Tuesday, April 14, 2009

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Taxpayers to foot bill for defense of Cahill, officials say

The Boston Globe, 4/14/09
By Frank Phillips

Massachusetts taxpayers will pay up to $300,000 for outside lawyers to defend a federal civil suit against state Treasurer Timothy P. Cahill because the state attorney general's office declined to handle the case, citing potential conflicts with two state investigations, according to officials involved in the case.

The state Lottery Commission, which is led by Cahill, this month authorized hiring the two law firms, Proskauer Rose LLP and Mintz Levin, to fight a $20 million suit brought by a Rhode Island-based gaming firm, Bingo Innovative Software.

Bingo Innovative Software is alleging that Cahill and Lottery director Mark J. Cavanagh conspired in a "pay-to-play" scheme in which a national competitor, Scientific Games, was awarded lottery contracts as a result of its fund-raising activities for Cahill.

Typically, the attorney general's civil division represents state officials who are sued over their official actions. But in this case, the outside law firms were required because two state investigations into the contracting process could end up in Attorney General Martha Coakley's office, the sources said.

The Ethics Commission is investigating Cahill's role in awarding a 2004 contract for scratch tickets to Scientific Games. And Secretary of State William F. Galvin is reviewing the possible lobbying activities of Cahill's close friend and associate, Thomas F. Kelly, who was secretly paid by Scientific Games to help it win the contract. Either of those probes could result in a referral for prosecution to Coakley.

Coakley's office declined to comment on its reasons for not accepting the case.

Cahill's top deputy, who has described Bingo Innovative Software's suit as "absurd" and "frivolous," said in an e-mail that it is not unusual for the treasurer's office to seek private legal representation.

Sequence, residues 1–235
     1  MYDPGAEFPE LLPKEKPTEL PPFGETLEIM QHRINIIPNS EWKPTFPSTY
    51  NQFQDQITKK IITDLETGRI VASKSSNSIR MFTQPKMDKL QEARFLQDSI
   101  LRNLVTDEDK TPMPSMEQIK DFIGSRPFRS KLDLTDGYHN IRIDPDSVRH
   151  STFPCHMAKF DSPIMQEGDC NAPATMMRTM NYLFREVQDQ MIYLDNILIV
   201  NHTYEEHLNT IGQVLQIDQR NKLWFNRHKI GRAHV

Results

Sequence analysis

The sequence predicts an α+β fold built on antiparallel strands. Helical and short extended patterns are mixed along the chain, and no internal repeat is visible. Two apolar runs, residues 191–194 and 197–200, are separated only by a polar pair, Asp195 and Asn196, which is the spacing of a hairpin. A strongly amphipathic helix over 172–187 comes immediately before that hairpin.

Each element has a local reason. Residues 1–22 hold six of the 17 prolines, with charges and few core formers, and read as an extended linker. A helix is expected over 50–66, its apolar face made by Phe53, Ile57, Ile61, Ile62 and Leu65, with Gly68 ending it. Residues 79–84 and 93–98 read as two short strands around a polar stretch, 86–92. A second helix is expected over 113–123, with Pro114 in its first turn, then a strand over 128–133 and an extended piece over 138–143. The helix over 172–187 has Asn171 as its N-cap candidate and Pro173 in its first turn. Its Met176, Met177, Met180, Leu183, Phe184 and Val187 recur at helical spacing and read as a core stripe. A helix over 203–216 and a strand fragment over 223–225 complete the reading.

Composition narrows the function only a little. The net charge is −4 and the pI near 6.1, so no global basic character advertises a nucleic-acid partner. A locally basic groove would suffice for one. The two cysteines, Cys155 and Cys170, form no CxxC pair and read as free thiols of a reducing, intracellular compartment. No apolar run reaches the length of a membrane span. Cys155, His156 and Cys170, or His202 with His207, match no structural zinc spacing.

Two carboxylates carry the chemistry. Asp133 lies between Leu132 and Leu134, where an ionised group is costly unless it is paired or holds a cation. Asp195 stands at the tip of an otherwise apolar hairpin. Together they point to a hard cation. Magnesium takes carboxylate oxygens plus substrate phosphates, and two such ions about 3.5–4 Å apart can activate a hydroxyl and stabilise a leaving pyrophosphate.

"We often use outside counsel or special assistant attorneys general in unique and complex cases. This qualifies as both," said Grace Lee, the first deputy treasurer. The treasurer's office oversaw the procurement for the legal work. "We will seek to recoup all legal fees on behalf of the Commonwealth, upon the resolution of this case."

Cahill's defense is being handled by a four-member team at the New York-based Proskauer Rose. It is led by former attorney general Scott Harshbarger, whose rate is set at $500 an hour, according to its contract with Cahill's office. Cavanagh is represented by the Boston firm Mintz Levin, which is charging up to $484 an hour for two partners and an associate, according to the firm's contract.

The hourly rate for the lawyers who head the attorney general's litigation divisions is $49.

Cahill's legal costs are more expensive than some other outside legal work for the state. For example, with the consent of Coakley's office, the Secretary of State's securities division recently paid $300 an hour for a Boston firm, Sloane & Walsh, to represent it in court appearances on a Bernard Madoff-related case.

The legality of the Lottery Commission's vote to pay up to $300,000 for Cahill and Cavanagh's legal bills is being challenged by Bingo Innovative's lawyer, Lee Blais. He filed a complaint with the state Ethics Commission, saying the two men's activities cited in the suit were not within the scope of their official duties, so taxpayers are not liable for their legal bills.

The treasurer's aides said the activities were in his official capacity. Lee, the deputy treasurer, dismissed the allegation as a maneuver to "bolster a meritless case." She said it "reflects at best a limited understanding of the law, and at worse an unethical attempt to leverage and politically pressure the state treasurer" to give Bingo Innovative a contract.

The suit poses potentially serious political problems for Cahill as he begins to lay the groundwork to run for governor next year. His legal team last week filed motions to dismiss the suit. But if it does proceed, the discovery process alone would include witnesses testifying in depositions under oath and the production of internal documents that could prove embarrassing or politically damaging.

A central issue in the litigation will be his relationship with Kelly, one of his chief fund-raisers and closest friends. Kelly collected about $200,000 over a five-year period from Scientific Games, which had hired him to help them land the lottery contract. At the same time, Kelly was under contract with Bingo Innovative to help the firm win lottery work, even when the two were bidding on a project to create an electronic bingo game.

The Globe reported last month that an investigator from the state Ethics Commission who collected internal e-mails, campaign finance reports, and other documents recently interviewed Cahill about his decision to award Scientific Games the largest share of the work to produce scratch tickets. His decision was made against the advice from his senior staff that the company's role be cut back.

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